Heat of formation of nh4cl

In summary, the conversation discusses a lab experiment involving a calorimeter and two reactions with ammonia and hydrochloric acid. The resulting deltaT values were 8.6 degC and -2.8 degC. The question at hand is how to calculate the deltaH per mole for each reaction. The first reaction is NH4+(aq) + Cl-(aq) ----> NH4Cl(aq) and the second reaction involves NH4Cl(s) dissolving in water. The heat capacity of the solution needs to be determined in order to accurately calculate the deltaH values.
  • #1

Homework Statement


i did a lab calorimeter lab with 50ml 1.51M nh3 and 50ml 1.59M hcl yeilding nh4cl (aq)
the deltaT was 8.6 degC
second part is 100ml of h2o and 4.082g nh4cl
deltaT was -2.8 degC

Homework Equations


how do i find deltaH per mole for each reaction?

The Attempt at a Solution

 
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  • #2
Give us your try at the answer...

Hint: Write out the reactions for the first part and the second part. What form was the ammonia? Was it aqueous? How should that be written?
 
  • #3
its nh3(aq) + hclz(aq) = nh4cl(aq)
and nh4cl(s) = nh4cl(aq)

but where do i go from there?
 
  • #4
NH3 in water is NH4+ OH-
HCl in water is H3O+ Cl-

one of the two reactions is:

NH4+(aq) + Cl-(aq) ----> NH4Cl(aq)

Can you determine the other reaction?

You will need the heat capacity of the ammonium chloride solution. Can you determine what the concentration will be?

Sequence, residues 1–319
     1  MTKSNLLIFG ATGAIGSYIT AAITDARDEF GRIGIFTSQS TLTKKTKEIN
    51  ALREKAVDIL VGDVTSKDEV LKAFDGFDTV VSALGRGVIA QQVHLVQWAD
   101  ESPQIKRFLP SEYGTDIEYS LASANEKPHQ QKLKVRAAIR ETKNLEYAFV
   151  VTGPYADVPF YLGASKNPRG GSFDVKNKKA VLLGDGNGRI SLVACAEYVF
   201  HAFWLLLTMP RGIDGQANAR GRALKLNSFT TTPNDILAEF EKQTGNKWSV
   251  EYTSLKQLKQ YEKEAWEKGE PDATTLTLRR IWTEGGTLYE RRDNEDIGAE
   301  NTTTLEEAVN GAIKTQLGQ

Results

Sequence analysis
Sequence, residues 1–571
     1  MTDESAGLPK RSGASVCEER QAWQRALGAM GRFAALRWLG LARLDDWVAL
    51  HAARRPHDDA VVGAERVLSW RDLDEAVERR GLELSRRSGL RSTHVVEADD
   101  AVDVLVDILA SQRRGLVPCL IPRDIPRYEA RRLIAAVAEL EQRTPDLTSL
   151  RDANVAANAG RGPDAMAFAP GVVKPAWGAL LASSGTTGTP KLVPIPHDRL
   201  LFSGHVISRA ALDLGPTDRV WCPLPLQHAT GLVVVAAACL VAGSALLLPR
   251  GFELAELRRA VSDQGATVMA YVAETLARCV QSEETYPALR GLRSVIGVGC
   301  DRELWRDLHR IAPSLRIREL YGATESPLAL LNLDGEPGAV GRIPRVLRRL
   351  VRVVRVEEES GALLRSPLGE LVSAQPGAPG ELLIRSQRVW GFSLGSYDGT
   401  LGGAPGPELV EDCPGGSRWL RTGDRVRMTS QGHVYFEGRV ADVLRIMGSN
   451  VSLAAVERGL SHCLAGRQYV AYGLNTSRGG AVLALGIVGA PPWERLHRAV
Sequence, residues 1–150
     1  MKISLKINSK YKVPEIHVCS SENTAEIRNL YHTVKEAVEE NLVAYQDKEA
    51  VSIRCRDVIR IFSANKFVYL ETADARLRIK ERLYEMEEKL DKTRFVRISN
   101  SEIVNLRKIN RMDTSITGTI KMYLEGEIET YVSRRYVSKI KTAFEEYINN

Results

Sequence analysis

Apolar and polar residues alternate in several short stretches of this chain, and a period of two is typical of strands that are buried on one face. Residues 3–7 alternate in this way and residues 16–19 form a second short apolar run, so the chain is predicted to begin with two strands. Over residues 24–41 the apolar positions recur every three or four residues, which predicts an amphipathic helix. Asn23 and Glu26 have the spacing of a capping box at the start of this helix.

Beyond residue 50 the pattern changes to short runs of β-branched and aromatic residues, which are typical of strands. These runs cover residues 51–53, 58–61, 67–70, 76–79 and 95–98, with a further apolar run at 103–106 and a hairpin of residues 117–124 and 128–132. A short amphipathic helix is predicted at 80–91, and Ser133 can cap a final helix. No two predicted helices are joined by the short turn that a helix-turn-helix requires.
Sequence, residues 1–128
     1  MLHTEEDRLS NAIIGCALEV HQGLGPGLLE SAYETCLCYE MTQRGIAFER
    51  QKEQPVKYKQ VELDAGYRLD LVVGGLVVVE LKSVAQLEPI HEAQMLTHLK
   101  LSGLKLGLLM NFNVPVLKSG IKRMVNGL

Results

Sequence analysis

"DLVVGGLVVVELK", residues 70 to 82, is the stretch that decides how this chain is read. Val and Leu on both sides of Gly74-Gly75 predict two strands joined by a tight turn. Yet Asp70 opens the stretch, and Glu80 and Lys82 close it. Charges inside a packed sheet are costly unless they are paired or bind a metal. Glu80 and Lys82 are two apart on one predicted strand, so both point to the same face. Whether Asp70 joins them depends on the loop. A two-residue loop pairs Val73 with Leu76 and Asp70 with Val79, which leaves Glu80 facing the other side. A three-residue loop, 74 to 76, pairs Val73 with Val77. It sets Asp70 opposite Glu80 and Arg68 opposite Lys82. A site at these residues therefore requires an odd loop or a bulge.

Alternatively, you could assume the heat capacity of pure water, but it won't be an exact solution. Can you think of why you need to obtain the heat capacity?
 

1. What is the heat of formation of NH4Cl?

The heat of formation of NH4Cl, also known as the enthalpy of formation, is the energy released or absorbed when one mole of NH4Cl is formed from its constituent elements in their standard states at a given temperature and pressure. It is represented by the symbol ΔHf and its value for NH4Cl is -314.4 kJ/mol.

2. How is the heat of formation of NH4Cl calculated?

The heat of formation of NH4Cl can be calculated using the Hess's Law, which states that the enthalpy change of a chemical reaction is independent of the pathway taken from reactants to products. The heat of formation is calculated by subtracting the enthalpies of formation of the reactants from the enthalpies of formation of the products, multiplied by their respective coefficients in the balanced chemical equation.

3. Why is the heat of formation of NH4Cl negative?

The negative sign in the value of the heat of formation of NH4Cl indicates that the reaction is exothermic, meaning that it releases heat. This is because the formation of NH4Cl from its constituent elements results in a more stable compound with lower energy than the individual elements.

4. How does temperature affect the heat of formation of NH4Cl?

The heat of formation of NH4Cl is dependent on temperature, as it is defined at a specific temperature and pressure. Changes in temperature can affect the energy required to break or form bonds, thus altering the enthalpy of formation. In general, the heat of formation increases with an increase in temperature.

5. What is the significance of the heat of formation of NH4Cl?

The heat of formation of NH4Cl is an important thermodynamic property that helps predict the energy changes in chemical reactions involving NH4Cl. It is also useful in determining the stability of a compound and its potential for use as a source of energy. Furthermore, the heat of formation is an essential parameter in the calculation of other thermodynamic properties, such as the heat of reaction and the standard enthalpy of formation.

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